Fundamentals of Computer Science I (CS151.02 2007S)

Project Report: Text Generation

Assigned: Monday, March 5, 2007
Due: Friday, March 16, 2007
No extensions!

This homework is also available in PDF.

Summary: Now that you've completed the laboratory experiences emphasizing text generation, we'd like you to extend the procedures you've written in that lab and then to describe your project in a form accessible to others.


Collaboration: You should work in groups of two or three. You may not work alone. You may not work in groups of four or more. You may discuss the assignment with anyone you wish. You may obtain help from anyone you wish, but you should clearly document that help.

Submitting Your Work: As always, you will submit your work via email, in this case with a subject of CSC151 Project One. For this assignment, you will be permitted to attach files to your email. Further details below.

Stage One: Generating Particular Types of Texts

In the first laboratory on text generation, you worked with and built procedures that construct simple, yet difficult to predict, sentences. In the second laboratory, you saw how to use some key Scheme techniques to vary the structure of these sentences and the components of the sentences.

Unfortunately, most of those sentences were not very interesting. Hence, we should find a way to generate a particular kind of text. In the past, students have most frequently extended the procedures to generate Haiku-like structures. (How? They created files for different numbers of syllables of different kinds of words.)

This year, I'd like you to try something a bit more interesting. Try writing a procedure to generate a kind of text that either (a) incorporates some rhyming scheme or (b) tells a story, with sentences that build upon each other. One particularly nice technique would be to generate texts that sound a bit like Dr. Seuss.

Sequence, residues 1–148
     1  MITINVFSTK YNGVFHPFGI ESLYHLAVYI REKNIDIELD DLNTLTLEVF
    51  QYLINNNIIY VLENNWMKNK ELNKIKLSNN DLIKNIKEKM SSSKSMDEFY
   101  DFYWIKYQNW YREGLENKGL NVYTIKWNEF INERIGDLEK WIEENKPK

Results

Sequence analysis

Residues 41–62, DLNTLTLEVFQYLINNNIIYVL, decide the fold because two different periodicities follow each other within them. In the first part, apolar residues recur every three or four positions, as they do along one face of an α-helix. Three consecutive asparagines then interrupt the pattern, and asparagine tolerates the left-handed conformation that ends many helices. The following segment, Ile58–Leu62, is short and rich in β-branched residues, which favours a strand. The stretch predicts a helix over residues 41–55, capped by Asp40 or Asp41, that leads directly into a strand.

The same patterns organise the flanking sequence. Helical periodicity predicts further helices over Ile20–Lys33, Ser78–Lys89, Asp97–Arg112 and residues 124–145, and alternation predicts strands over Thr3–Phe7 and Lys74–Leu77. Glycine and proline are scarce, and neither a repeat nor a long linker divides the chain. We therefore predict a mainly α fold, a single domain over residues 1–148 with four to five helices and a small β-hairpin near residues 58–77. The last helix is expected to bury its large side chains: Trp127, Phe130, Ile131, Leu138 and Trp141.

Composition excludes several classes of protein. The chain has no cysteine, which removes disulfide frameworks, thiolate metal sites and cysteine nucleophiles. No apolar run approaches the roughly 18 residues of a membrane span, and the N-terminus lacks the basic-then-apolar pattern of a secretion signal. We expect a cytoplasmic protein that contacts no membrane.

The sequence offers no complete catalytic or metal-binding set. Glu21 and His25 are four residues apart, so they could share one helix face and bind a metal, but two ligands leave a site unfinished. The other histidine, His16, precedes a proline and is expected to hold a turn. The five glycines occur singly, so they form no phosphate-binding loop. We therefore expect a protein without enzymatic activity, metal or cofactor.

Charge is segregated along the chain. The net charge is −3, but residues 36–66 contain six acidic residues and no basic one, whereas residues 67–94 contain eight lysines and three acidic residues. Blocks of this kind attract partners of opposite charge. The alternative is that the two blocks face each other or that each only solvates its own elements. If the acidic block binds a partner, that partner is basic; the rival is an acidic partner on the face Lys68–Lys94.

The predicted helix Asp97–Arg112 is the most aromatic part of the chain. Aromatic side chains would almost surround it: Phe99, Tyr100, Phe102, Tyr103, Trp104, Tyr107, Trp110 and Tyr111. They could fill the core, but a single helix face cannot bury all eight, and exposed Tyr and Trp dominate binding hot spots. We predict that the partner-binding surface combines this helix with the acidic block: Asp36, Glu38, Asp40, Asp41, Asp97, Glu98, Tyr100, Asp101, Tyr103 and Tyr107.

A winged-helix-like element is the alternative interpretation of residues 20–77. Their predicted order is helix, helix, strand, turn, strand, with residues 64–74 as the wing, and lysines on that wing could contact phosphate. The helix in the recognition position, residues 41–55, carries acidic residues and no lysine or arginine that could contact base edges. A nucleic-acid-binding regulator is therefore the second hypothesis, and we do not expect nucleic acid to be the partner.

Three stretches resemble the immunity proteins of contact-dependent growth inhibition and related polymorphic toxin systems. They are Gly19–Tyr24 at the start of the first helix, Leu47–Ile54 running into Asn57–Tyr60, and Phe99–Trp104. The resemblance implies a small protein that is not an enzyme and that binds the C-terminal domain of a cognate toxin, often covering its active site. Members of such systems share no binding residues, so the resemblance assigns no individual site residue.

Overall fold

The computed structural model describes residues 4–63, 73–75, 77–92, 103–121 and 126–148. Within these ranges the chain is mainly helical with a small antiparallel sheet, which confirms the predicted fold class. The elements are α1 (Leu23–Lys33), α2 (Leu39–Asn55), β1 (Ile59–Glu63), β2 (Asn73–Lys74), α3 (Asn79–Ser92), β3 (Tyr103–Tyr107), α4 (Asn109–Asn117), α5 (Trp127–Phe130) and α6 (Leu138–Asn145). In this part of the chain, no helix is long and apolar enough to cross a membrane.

Your first task in this report is to choose one of these simple types of writing (rhymes, Seussian stories, etc.) and write a procedure that generates unpredictable versions of that types of writing.

In generating those texts, you will likely want to add another element to each of the lists in the parts-of-speech files (such as the number of syllabus, the ending sound, or something similar). You might also choose to customize the words files.

Stage Two: Writing the Report

For this assignment, in addition to writing code, you are also to write narrative text. In particular, you should write a 2-3 page narrative description of what you have accomplished in the project and how you have accomplished that goal. Your audience is other CSC151 students, who have also done the labs. Your goal is to explain what techniques you used to make more interesting texts.

You should make sure that your narrative describes the key procedures you've written and how they work, and the custom files you'e created, and how they are organized. Your narrative should be clear enough that someone could rewrite similar code (in, say, eight hours) without having any of the code as a reference.

Stage Three: Submission

Once you are satisfied with your code and your report, you should email them to me using a subject of CSC151 Project One. I expect to see the code as an attached .ss file and the report as an attached Word, PDF, or text file, whichever you prefer.

Questions and Answers

How long do you think this should take us?
I'd prefer that you spend no more than five or six hours on the project.
Can we acheive rhymes by, say, creating a file in which all the words end with the same sound?
Sure. For example, you might have a general nouns.txt file and a more specific ee-nouns.txt file with words like cookie, flea, and the ilk.
Can we acheive particular numbers of syllables by creating files of the same kinds of words with different numbers of syllables, such as noun1s.txt, noun2s.txt, and noun3s.txt?
I'm trying to get carriage returns into my texts using techniques like (string-append (sentence) "\n" (sentence)), but the text doesn't appear on multiple lines.
Strings are supposed to appear on one (potentially wrapping) line. If you want the "\n" characters to appear as carriage returns, you need to use display
> (define str (string-append "Hello" "\n" "Goodbye"))
> str
> (display str)



Monday, 2 October 2006 [Samuel A. Rebelsky]

Sunday, 8 October 2006 [Samuel A. Rebelsky]

Sunday, 4 February 2007 [Samuel A. Rebelsky]


Disclaimer: I usually create these pages on the fly, which means that I rarely proofread them and they may contain bad grammar and incorrect details. It also means that I tend to update them regularly (see the history for more details). Feel free to contact me with any suggestions for changes.

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